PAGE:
The lesson is, if you haven’t seen any resume from your contingency database recruiter within the first week, start to be concerned. The chance of ever getting a resume has dropped to almost zero.
A contingency recruiter will alone typically handle 10, 20 or more jobs at any given time. If they don’t get a match within days, they move on to the next assignment and client.
It’s like playing the lottery
You can compare a recruitment agency’s work to playing a lottery. They are not paid if their client does not hire their candidate.
Now here is something unbelievable and ironic. Many agencies struggle to make any profit because so much of their work results in no fee income.
- The simple reason being that they find no matching profile in their database and network, or worse, a competing agency was quicker and already got a foot in the door with a great candidate match.
Because of the nature of how recruitment agencies work, it is really first come first served. In other words, the agency that presents a candidate first has a good chance of making the placement and earning a fee.
So how do you think this stress will impact the quality of work by the agency? Yes, you are right, it’s ridiculous.
Business model of recruitment agencies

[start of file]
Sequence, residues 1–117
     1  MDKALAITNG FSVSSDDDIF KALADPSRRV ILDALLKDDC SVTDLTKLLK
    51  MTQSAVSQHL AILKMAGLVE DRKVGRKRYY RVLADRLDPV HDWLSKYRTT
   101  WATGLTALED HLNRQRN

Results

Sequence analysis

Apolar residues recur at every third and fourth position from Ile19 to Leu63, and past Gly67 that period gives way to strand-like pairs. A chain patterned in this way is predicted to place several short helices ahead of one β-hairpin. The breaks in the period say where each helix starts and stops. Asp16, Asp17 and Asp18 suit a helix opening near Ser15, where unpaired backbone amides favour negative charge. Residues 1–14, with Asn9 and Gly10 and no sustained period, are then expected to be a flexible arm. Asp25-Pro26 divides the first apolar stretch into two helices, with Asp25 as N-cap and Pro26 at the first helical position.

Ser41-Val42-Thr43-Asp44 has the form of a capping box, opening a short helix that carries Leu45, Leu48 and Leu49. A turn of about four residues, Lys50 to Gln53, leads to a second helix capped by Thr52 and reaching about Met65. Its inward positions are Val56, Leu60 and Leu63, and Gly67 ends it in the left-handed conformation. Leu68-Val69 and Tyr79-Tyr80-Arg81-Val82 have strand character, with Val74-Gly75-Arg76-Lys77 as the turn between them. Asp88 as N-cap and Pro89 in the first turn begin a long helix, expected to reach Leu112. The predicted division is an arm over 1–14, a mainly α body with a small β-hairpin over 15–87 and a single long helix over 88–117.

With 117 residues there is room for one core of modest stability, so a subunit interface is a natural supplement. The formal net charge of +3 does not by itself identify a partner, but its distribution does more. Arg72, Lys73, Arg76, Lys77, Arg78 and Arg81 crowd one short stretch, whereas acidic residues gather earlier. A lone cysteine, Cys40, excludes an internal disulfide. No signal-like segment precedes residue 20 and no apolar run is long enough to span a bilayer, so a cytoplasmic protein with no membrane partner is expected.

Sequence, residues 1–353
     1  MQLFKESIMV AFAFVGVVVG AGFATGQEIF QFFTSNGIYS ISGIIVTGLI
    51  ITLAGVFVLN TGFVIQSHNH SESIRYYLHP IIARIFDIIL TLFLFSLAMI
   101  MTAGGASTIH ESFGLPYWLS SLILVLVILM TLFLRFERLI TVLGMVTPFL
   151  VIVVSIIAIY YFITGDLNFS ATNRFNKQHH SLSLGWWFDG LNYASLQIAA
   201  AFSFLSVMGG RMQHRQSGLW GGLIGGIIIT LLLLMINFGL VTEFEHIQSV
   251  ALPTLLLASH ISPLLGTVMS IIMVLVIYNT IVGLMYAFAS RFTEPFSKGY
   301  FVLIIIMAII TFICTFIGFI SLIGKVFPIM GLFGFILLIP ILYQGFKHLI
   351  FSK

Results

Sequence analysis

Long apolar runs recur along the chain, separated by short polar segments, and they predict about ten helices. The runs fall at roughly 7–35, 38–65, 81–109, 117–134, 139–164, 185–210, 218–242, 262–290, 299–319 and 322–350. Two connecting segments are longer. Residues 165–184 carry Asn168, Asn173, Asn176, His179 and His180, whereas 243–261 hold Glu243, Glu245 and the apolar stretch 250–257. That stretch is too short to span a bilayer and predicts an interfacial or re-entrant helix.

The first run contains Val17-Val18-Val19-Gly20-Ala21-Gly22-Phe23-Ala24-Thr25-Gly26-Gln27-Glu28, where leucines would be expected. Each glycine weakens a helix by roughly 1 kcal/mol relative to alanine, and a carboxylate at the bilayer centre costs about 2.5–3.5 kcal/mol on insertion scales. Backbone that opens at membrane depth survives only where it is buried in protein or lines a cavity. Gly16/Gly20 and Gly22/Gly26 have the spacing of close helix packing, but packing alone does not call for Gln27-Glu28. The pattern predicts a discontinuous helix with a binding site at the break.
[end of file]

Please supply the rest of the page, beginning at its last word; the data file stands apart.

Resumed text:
The business model is not geared to spend weeks or months on your job search.
- The consequence is that a difficult search for candidates is put aside for a miracle to happen; meanwhile the recruiter takes the next telephone call and hope for an easier fix and assignment.
Over the last 12 months I have personally talked to many companies who have wasted months and months waiting for resumes. They were lured into the belief that low fees would uncover the hidden and passive talent. Hellllloooooo!
I also talked to one executive the other day who had been interviewing 20 plus people but still didn’t hire any. Think about the important tasks that meanwhile were left unattended on his desk.
The top of the irony is that by now desperate hiring managers call us for help, and they quote fee, terms and conditions which clearly have failed to provide the talent they so desperately need.